It was time for him to wrap the day up. He'd been up since early morning, the earliest he'd been up all week. Tonight there was a decent chance he'd get some sleep, as he had last night. Yesterday had been a full day, and today had approached fullness as well. Though he hadn't gotten outside for exercise -- it was his day off from his exercise routine, after all -- he'd masturbated enough to realize about the same amount of exertion as he had on his run the day before.
So he popped a couple of Target's Up & Up brand of diphenhydramine hydrochloride pink pills, "Compare to the active ingredients of BENADRYL® Allergy ULTRATAB® Tablets" . He'd been taking one or two of the pills on most nights to sleep. Though he'd been trying to keep from making it a regular habit again, it was beginning to become one again. This made him worry again. And worry kept him up in bed, awake.
He worried about his brain. He worried and wondered whether his brain was being damaged by his regular dosing of the Benadryl and its generic equivalents. He was actually a little bit more worried about the generics. Were the generics of a lesser quality than the branded diphenhydramine? Did they include ingredients that were dangerous to the body and mind? Was there any cause for concern at all? Perhaps the generics were actually composed of better ingredients than the branded ones. CLICK HERE TO CONTINUE READING "Time to Wrap the Day Up"...
As 2012 winds down, we're all hearing a bunch of proverbs, most of which are ambiguous at best. All roads do not, in fact, lead to Rome. If they did, then we'd be screwed. I mean, who would want to be in bloody Rome? Well sure, it may be a lovely place to visit now, on the last Sunday of 2012. Many of those touring the ancient city at this moment are fantasizing about moving there permanently or living near to (or at least within the same country as) the famous comune, especially now that Mussolini is long gone. I hear they have some nice antiques there, some fine sculptures and paintings. Some really old stinky books. And great wine.
But you wouldn't want to be heading to ancient Rome, circa 70-80 AD, a place full of superstition, greed, and spectator sports showcasing murder Live! Right before your very eyes!
And if you really think you would enjoy watching gladiatorial combat and other entertainments of the bloody Romans of old...well, you might enjoy the Sunday night entertainments put on by The Governor in his village facade. As for me, I'll be sticking with Rick and the rest of the gang living in the prison. And I'll refrain from judging your entertainments lest I expose the hypocrisy of my enjoying men running into each other at risk of permanent injury to body and mind -- and even death -- on Sunday afternoons and evenings. And Monday nights. And many Thursday nights, and Saturday afternoons...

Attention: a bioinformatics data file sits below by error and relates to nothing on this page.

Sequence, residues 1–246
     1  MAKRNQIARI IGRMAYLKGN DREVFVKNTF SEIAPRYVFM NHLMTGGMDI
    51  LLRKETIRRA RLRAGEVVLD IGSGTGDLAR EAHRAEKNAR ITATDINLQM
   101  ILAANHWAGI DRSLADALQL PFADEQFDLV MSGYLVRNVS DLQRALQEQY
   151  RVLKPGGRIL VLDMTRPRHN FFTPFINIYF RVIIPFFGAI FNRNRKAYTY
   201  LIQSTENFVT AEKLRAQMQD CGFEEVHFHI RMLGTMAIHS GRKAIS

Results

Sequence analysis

Perhaps we're not so different from the ancient Romans, after all.
But taking the proverb as it is usually (and far less literally) accepted -- that alternative paths lead to the same goal -- is that still where we want to find ourselves in 2013? Do we each wish to reach the same goal? And what goal would that be? Can we even agree on a common goal?
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If there's one thing the good people of Littleton, Colorado would probably appreciate -- particularly those attending or who have family attending Columbine High School or living in the Columbine area today -- is for the world to move on from associating the name of their school and the region they live in with the tragedy visited upon them in the spring of 1999. Death and murder, school killings and horror -- these are not images most people prefer to accompany their lives. The people of the Columbine area probably prefer people to stop thinking of the names Eric Harris and Dylan Klebold whenever their city's high school is mentioned. Those closest to the tragedy that occurred in 1999 at the school in Colorado prefer to be seen as survivors rather than victims.
My hunch is that most of the people closely affected by "Columbine" prefer for their high school and the area it is located in to conjure the image for which it was originally named: a species of flower which resembles a cluster of doves. I know this because I read the book Columbine recently, written by Dave Cullen. The author researched and documented what was at the time known as the worst school killing in U.S. history, and what sticks out in my mind in relation to the event that occurred in Newtown, Connecticut today is this: For the entire day that all of us were glued to our televisions on that dark day in 1999, none of us had realized that most of what we were watching was misinformation. It was a horror that the media took the opportunity to present as a fascinating drama that was unfolding in real-time, right before our very eyes. But it wasn't until later that most of the world realized that what we'd been watching on television was far from an accurate document of what took place at the high school in Littleton, Colorado. There was no "trench coat mafia". The killers were not quite the outsiders they were reported to be, intent on killing the "jocks" (as was reported on the day of the murders. They had, in fact, friends. They were even somewhat popular and well-liked.
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